By Martha Nodar

The tradition of Oglethorpe Day brought Paul Hudson back to his alma mater to reminisce about the university, its namesake and Hudson’s own childhood in Brookhaven.

Hudson, a summa cum laude 1972 graduate of Oglethorpe who is now social sciences chairman and a history professor at Georgia Perimeter College and an adjunct faculty member at Oglethorpe, delivered the keynote address Feb. 11 at the Brookhaven university’s annual celebration of Georgia founder James Oglethorpe.

Renae Glass, a staff member in the university’s information technology department, said: “I have known Paul for a long time. He is one of the most intellectual and enthusiastic speakers I have ever heard. He cares about Oglethorpe, and it shows.”

Oglethorpe President Lawrence Schall welcomed Hudson to the university in recognition of his dedication to promoting the university’s history and Oglethorpe’s life through many publications.

“Governor Oglethorpe grew up outside of London to a distinguished and wealthy family that was civically engaged,” Hudson said. “Jamie, as his friends called him, was educated at Oxford and came to be a man of action who learned early on to become interested in the people in the community. As a member of Parliament, he opposed slavery, fought for sailors’ rights and made friends with the Indians upon arriving in Georgia.”

The university’s celebration of Oglethorpe Day reaches back to a tradition that started at the University of Cambridge more than 400 years ago. The day kicks off with a few members of the varsity track team trying to race around a loop in the academic quad in less than 31 seconds to beat the chiming of the Lupton bells.

“I suppose the fellows at Cambridge simply hit on the idea,” track coach Bob Unger said.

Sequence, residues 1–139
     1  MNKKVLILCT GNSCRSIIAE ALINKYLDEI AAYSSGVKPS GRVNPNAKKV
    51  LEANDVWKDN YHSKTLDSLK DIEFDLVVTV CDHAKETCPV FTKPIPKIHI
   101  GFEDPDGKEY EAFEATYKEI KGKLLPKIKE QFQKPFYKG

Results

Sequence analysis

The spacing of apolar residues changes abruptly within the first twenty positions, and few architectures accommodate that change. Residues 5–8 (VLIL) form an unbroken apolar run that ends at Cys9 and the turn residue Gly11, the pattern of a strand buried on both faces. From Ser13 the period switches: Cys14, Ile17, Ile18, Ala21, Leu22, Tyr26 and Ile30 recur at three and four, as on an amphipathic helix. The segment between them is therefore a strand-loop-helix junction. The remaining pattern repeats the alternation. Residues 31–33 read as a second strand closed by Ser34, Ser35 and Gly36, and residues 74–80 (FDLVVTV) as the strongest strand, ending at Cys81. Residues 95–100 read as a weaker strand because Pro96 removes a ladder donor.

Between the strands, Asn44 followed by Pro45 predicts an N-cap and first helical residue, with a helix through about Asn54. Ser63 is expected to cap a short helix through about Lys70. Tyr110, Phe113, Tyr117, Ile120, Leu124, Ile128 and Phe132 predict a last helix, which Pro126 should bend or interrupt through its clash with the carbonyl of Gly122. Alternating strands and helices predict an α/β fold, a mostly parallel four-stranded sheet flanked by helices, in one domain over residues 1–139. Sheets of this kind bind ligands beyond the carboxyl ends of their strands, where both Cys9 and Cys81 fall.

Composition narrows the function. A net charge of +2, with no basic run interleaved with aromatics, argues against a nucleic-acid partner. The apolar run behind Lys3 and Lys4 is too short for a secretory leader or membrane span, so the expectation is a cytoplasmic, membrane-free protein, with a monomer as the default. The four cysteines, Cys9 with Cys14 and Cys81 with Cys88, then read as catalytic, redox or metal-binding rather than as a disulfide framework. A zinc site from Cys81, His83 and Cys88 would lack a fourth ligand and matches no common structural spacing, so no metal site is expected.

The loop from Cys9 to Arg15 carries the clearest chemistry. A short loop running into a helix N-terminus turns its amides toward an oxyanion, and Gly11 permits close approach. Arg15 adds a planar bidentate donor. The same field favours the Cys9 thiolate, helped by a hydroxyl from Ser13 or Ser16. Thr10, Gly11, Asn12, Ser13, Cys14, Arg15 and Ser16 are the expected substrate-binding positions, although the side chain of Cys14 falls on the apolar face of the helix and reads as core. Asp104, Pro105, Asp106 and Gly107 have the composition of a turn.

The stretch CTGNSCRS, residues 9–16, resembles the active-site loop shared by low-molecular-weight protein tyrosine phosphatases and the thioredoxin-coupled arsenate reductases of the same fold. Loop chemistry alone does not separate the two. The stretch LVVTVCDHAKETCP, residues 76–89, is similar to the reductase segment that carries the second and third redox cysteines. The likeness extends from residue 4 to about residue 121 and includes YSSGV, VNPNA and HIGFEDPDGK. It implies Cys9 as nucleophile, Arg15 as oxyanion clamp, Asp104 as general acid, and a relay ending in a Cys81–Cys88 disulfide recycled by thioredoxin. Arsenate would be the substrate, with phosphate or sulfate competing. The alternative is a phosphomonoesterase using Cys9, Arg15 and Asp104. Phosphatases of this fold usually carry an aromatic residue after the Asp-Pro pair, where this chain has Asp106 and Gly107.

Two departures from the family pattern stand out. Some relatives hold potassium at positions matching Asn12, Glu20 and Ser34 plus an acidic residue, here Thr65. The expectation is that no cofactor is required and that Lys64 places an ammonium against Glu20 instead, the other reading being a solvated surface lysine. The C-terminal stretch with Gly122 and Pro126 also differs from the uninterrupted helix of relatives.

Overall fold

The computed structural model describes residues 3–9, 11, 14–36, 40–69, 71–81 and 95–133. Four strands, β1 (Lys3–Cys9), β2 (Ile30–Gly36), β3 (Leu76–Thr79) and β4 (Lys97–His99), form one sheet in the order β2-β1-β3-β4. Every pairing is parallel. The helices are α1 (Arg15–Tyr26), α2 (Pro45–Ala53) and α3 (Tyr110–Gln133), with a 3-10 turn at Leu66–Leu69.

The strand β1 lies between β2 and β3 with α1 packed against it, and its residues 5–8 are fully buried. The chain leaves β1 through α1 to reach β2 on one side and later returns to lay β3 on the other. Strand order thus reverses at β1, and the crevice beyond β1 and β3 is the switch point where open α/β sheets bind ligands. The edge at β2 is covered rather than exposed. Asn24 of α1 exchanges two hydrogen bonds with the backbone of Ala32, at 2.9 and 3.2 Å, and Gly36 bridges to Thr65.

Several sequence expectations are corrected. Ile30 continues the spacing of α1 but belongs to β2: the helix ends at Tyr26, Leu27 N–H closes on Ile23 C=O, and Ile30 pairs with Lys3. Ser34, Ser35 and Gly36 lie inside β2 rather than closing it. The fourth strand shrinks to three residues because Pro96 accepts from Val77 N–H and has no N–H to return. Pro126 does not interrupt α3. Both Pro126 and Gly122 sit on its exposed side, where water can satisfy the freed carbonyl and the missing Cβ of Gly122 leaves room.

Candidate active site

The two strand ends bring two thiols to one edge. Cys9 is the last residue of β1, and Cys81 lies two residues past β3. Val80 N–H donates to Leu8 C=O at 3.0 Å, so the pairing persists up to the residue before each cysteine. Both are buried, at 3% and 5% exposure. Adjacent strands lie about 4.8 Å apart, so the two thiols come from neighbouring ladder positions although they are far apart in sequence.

“Covering the curves is the hardest part because one loses time turning,” said sophomore Luis Zimbron, who attempted to beat the clock this year. None of the runners succeeded.

The sound of the Lupton bells holds special memories for Hudson, who grew up in Brookhaven. “As a young boy, I could hear the bells from home,” he said. “There was never a question in my mind about attending any other school.”

Shortly after entering Oglethorpe, Hudson accidentally discovered in an underground chamber on campus a time capsule preserved in 1938 by Oglethorpe President Thornwell Jacobs. The Crypt of Civilization has gained a place in the Guinness Book of Records as the first successful attempt to bury a time capsule, and Hudson went on to co-found the International Time Capsule Society.

He also was the force behind Oglethorpe University’s gaining a place in the National Register of Historic Places.

“I wanted Oglethorpe to be recognized,” he said.

Directing his speech toward a group of prospective students sharing the Oglethorpe Day festivities, Hudson said: “This is a wonderful place where you make friends for life.”

Leonor Soriano, a 1997 Oglethorpe graduate, said: “Dr. Hudson makes his history classes as interesting as his speeches, mixing in the material with his own experiences from his trips to Oxford — the university in England from which Oglethorpe is patterned after.”

Schall said thousands of high school students a year apply for admission because of Oglethorpe’s rich history and reputation for academic inquiry.

“James Edward Oglethorpe was not much older than a college student when circumstances called upon him to show strength in character,” Schall said. “He was an inspiration to Hudson during his formative years, and he remains a wonderful role model for our students today.”